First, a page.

One product that the state purchases is road salt, and one of the suppliers provides the salt from a mine located in Detroit. There are concerns that companies with mines in Canada are undercutting the ability of the company mining in Detroit to supply road salt based on pricing. According to some, this activity could result in the mine's eventual closure. To address this, it has been suggested that products mined in Michigan receive preferential treatment for the purposes of state procurement.

In other words, one company isn’t able to offer a product as inexpensively or efficiently as its competitors, so it has sought the help of politicians to protect it from rivals.

Singling out one company for special treatment is bad policy and does nothing to improve the state’s economy. While the idea may save or add a few jobs at the Detroit Salt Company, it will cost many more throughout the state because of higher prices. It shifts spending from a more productive area to a less productive one, benefiting the few at the expense of the many.

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Though the bill flew through the Senate, applause is due to Sen. Patrick Colbeck and Mike Shirkey – the only two “no” votes. But a coalition of business groups, local governments, salt haulers and truckers, unions and conservative groups has come out strongly against it. That has helped it get bottled up in the House Commerce and Trade Committee, where it should stay indefinitely.

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Put ISD Funding on Education Budget Table

While agency spending grows, Guv seeks student-based cuts

Gov. Rick Snyder has pitted a generous increase in overall student funding against cuts to certain kinds of educational services some families prefer. But it doesn't have to be an either-or proposition; there are other options that could be put on the table.

In particular, one sacred cow has been left out of the conversation: intermediate school districts. These 56 regional agencies provide various services within their set boundaries. One common function ISDs have is to oversee special education. ISDs directly serve about 1 percent of the state's public school students, most of whom are children with individualized education plans designed to meet their special learning needs.

The governor insists that funding must be cut for students who opt into cyber schools (charter schools that provide students with online instruction) or shared-time programs, in order to provide a larger formula increase for all other students. His executive budget estimates that these cuts to tilt the playing field will save the state about $90 million altogether.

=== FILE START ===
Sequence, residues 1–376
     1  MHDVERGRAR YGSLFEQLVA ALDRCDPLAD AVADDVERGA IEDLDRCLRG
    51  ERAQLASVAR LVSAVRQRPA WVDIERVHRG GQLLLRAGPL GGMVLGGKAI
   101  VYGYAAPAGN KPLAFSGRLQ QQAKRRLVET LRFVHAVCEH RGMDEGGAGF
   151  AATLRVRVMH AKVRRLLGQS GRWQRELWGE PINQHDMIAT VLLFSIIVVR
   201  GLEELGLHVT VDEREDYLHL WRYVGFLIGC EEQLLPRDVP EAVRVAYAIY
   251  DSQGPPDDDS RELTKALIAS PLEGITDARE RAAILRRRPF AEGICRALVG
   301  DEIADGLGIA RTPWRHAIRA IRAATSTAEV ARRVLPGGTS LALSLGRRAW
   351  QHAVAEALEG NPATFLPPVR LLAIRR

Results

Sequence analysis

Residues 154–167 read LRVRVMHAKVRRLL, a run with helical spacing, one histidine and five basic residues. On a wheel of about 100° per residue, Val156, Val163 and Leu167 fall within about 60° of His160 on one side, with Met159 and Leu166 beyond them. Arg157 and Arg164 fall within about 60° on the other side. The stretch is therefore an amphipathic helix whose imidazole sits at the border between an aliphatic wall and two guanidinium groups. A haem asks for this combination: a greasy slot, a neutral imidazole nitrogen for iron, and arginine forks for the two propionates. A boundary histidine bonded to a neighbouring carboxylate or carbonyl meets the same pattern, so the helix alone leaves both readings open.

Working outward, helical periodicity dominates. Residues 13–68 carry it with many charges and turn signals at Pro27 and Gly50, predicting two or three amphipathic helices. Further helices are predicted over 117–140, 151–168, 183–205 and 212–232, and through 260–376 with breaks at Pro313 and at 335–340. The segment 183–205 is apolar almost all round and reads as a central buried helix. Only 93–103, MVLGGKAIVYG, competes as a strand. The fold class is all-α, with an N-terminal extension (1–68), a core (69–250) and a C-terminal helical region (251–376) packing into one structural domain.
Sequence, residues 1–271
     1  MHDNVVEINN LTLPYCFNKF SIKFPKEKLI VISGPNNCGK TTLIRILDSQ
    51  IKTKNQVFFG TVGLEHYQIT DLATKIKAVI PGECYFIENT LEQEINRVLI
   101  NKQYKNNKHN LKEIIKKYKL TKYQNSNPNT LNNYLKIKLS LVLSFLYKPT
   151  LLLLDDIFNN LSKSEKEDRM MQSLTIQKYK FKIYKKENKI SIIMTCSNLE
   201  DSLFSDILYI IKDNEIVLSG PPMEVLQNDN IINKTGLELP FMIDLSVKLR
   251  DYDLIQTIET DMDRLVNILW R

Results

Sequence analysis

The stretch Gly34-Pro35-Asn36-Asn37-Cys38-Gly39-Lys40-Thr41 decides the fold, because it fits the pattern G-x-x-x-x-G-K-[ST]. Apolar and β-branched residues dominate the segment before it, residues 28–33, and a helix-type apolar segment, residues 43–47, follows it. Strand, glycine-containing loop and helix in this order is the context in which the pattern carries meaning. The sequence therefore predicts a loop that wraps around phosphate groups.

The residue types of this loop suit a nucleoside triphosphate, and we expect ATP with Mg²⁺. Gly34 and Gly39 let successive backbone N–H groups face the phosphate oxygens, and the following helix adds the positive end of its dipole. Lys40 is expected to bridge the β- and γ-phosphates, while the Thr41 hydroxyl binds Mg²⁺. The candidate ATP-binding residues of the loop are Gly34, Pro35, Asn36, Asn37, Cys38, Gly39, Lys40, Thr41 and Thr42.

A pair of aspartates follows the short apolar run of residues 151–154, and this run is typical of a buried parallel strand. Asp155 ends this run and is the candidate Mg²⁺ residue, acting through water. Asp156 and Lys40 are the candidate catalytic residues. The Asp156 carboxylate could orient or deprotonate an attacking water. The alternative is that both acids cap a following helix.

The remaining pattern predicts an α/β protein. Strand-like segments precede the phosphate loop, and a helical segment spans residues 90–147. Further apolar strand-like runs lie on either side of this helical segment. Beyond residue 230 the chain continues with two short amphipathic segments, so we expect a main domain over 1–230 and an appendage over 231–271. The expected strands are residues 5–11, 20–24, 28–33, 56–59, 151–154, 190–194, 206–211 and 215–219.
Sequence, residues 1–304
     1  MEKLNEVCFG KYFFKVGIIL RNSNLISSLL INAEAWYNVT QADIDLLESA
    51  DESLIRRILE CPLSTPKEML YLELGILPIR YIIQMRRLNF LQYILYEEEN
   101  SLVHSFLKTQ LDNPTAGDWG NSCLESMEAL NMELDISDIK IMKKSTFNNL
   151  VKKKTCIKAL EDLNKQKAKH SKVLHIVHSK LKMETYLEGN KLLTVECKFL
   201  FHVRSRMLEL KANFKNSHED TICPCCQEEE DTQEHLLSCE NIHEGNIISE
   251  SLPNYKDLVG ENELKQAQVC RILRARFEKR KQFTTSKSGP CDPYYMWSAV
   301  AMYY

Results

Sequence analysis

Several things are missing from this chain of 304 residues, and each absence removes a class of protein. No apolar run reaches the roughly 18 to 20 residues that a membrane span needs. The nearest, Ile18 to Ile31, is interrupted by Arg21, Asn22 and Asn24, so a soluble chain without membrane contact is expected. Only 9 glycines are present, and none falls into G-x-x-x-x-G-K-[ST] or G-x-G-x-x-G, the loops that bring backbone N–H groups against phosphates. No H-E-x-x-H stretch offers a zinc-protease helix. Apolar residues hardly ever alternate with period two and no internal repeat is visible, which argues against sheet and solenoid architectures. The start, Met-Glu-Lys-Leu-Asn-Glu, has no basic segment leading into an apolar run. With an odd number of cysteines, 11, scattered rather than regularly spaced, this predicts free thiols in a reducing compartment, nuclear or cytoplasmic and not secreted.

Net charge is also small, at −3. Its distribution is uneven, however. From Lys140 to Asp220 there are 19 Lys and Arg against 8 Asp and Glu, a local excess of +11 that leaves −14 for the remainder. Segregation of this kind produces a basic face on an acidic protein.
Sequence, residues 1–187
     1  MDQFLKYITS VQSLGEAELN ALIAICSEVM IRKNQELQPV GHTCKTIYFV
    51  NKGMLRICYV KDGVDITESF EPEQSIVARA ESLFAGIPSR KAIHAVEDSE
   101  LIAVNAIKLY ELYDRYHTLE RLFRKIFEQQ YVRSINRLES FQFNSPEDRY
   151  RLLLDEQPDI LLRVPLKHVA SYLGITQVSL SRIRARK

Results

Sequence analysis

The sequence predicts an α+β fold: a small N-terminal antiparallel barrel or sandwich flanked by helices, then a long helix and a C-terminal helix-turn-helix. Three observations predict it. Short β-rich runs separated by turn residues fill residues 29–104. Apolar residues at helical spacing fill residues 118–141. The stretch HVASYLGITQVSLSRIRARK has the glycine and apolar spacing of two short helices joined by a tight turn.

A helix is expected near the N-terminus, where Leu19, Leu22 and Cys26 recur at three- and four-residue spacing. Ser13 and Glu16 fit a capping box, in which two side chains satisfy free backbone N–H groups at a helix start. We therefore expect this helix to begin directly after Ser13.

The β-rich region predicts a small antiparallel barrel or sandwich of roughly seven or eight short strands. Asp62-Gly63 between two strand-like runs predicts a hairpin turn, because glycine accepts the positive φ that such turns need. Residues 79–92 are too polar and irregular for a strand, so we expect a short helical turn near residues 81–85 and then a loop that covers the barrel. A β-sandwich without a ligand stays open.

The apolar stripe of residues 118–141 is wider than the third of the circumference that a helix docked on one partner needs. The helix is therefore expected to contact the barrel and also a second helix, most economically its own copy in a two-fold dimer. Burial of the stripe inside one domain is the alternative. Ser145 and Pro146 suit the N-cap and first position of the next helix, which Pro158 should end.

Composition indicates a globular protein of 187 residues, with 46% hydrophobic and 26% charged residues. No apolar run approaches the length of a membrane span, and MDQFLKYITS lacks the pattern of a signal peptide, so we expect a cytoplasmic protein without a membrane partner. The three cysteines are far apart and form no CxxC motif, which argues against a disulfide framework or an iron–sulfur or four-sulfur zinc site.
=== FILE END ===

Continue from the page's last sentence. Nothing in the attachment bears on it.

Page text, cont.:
But a 5 percent reduction in overall ISD spending would get nearly the same effect, without even pushing the agencies back to 2014 spending levels. As a whole, these regional agencies are spending more money and hiring more personnel at a faster pace than the districts and charter schools that serve most students. It isn't clear why ISDs should continue to enjoy most of the state's education funding increases while some of the choices families make are put on the budgetary chopping block.

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These regional agencies depend far more on local property tax dollars than do conventional districts, yet a great deal of extra funding has come their way from the state treasury in recent years. Fiscal year 2017 saw state funding to ISDs increase from $829 million to $880 million. That kind of annual growth is typical. The amount of inflation-adjusted dollars shipped to ISDs has nearly doubled over the previous decade.

ISDs send on to local districts about 40 percent of the money they receive, and the amount of money they keep for themselves is on a steep upward track. Today, 10 percent of all Michigan K-12 public education expenditures are spent by ISDs. Adjusted for inflation and the number of students enrolled statewide, ISDs spent nearly 42 percent more in 2017 than in 2006.

From 2012 to 2017, ISD payrolls also increased from 15,400 to 17,400 full-time equivalent employees — representing a 13 percent growth — all while directly serving slightly fewer students. The number of special educators employed by ISDs hasn’t changed much; most new ISD employees are classified as instructional aides or support staff, but the number of administrative personnel has increased by almost 14 percent over that time.